NIAID funds Post-Treatment Lyme Disease Syndrome research


July 31, 2023

Photos: ©

Photos: ©

The National Institute of Allergy and Infectious Diseases (NIAID), part of the National Institutes of Health, awarded five projects for research to better understand Post-treatment Lyme Disease Syndrome (PTLDS).

PTLDS is a collection of symptoms, such as pain fatigue and difficulty thinking or “brain fog,” which linger following standard treatment for Lyme disease.

The Centers for Disease Control and Prevention (CDC) estimates that 476,000 people in the United States are infected with Lyme disease each year. An estimated 15 percent of them experience PTLDS.

The CDC reports that Lyme disease is transmitted by the blacklegged tick (Ixodes scapularis, also known as the deer tick) in the northeastern U.S. and upper midwestern U.S., and the western blacklegged tick (I. pacificus) along the Pacific coast.

“As tickborne diseases, including Lyme disease, become more common and widespread in the United States, it is increasingly urgent that we understand all facets of the disease, including the root causes of PTLDS,” Acting NIAID Director Dr. Hugh Auchincloss said in the news release. “We anticipate that the research supported by these awards will provide vital information on how to diagnose and treat this complex set of symptoms.”

Lyme disease is caused by a bacterium, Borrelia burgdorferi (and related species) that is transmitted by the bite of an infected tick. The classic sign of early-stage Lyme disease is a distinctive bullseye-shaped rash surrounding the tick bite. If not cured in its early stage, infection can advance to late-stage disease, which can be associated with fatigue, severe headaches, dizziness, facial paralysis and heart problems, as well as joint, tendon, muscle and nerve pain.

Most cases of Lyme disease can be effectively treated with oral antibiotics. However, some patients suffer from symptoms that linger long after the initial course of antibiotics, even though the active infection appears to be gone. The cause of PTLDS is unknown, but scientists hypothesize that it may be due to a misguided immune response to Borrelia burgdorferi where the immune system attacks the patient’s own cells; an ongoing Borrelia burgdorferi infection that is difficult to detect; or some other reason.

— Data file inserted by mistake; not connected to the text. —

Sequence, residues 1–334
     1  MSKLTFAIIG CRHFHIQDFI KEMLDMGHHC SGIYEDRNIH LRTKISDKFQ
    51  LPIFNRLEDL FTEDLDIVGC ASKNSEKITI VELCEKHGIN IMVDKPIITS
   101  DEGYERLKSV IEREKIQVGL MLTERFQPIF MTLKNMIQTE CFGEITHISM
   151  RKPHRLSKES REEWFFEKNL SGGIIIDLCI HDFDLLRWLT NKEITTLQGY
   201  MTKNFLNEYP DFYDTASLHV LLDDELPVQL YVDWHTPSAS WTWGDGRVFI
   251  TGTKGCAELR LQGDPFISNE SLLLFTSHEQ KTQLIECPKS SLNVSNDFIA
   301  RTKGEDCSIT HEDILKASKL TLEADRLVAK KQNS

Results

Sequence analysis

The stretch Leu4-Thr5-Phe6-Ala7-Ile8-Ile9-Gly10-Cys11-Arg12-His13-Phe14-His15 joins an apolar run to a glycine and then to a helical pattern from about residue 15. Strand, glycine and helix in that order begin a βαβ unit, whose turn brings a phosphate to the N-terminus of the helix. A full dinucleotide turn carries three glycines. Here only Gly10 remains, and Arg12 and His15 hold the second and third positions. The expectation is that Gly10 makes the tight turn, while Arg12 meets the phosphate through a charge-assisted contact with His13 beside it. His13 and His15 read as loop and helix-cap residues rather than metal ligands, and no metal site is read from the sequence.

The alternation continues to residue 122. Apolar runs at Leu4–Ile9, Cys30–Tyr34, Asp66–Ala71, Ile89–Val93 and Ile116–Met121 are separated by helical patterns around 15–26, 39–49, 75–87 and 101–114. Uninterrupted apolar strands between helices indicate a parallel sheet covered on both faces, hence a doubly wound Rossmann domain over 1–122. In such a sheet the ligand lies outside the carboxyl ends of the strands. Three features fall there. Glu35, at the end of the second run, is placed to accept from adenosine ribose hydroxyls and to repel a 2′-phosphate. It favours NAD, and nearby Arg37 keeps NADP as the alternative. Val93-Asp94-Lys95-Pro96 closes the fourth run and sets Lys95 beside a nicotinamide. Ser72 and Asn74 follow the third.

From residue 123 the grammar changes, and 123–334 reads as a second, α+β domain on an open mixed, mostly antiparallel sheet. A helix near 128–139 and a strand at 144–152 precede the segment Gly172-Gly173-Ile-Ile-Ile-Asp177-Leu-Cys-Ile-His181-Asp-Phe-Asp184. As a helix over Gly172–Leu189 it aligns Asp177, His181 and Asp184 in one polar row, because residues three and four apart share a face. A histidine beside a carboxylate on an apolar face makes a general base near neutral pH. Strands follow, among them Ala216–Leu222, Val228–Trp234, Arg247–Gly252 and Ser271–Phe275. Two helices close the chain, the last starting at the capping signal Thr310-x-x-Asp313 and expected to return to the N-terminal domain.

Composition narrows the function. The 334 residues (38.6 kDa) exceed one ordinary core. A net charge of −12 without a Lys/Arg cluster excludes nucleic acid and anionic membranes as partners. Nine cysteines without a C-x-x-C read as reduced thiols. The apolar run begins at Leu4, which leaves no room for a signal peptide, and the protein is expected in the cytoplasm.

Unfortunately, there is no standard treatment for PTLDS. Although long-term courses of antibiotics are often used, clinical studies have shown this approach to be either ineffective, or that the risks and side effects of long-term antibiotics outweigh their potential benefits. In addition, PTLDS is often difficult to diagnose because the symptoms are so varied, and because so far there is little evidence that the patients have an active Borrelia burgdorferi infection.

The news release noted that broadening our understanding of PTLDS may also contribute to our knowledge of a broader set of infection-associated chronic illnesses, such as Long COVID and Myalgic Encephalomyelitis/Chronic Fatigue Syndrome (ME/CFS). Without understanding the biologic processes of these conditions, it will be very difficult to develop effective clinical interventions.

The new NIAID awards for PTLDS, which will total approximately $3.2 million in first-year funding, will support work on possible causes of persistent PTLDS symptoms for five years.

The award recipients are:

Virginia Tech, Blacksburg
Project title: The natural release of unusual peptidoglycan fragments drives persistent Lyme disease symptoms in susceptible hosts
Principal investigator: Dr. Brandon Jutras

Massachusetts Institute of Technology, Cambridge
Project title: Unlocking serology’s secrets: harnessing novel immune biomarkers to predict Lyme disease progression and recovery
Principal investigator: Dr. Michal Tal

Tufts University, Boston
Project title: Auto-antibodies as predictive markers for Post-treatment Lyme Disease Syndrome
Principal investigator: Dr. Linden Hu

Johns Hopkins University, Baltimore
Project title: Determinants of post-treatment phenotypes in Lyme disease
Principal investigator: Dr. John Aucott

Arizona State University, Tempe
Project title: Discovery of early immunologic biomarkers for risk of PTLDS through machine learning-assisted broad temporal profiling of humoral immune response
Principal investigator: Dr. Neal Woodbury


About the Author

Ellen Wagner is a former digital editor for PMP magazine.

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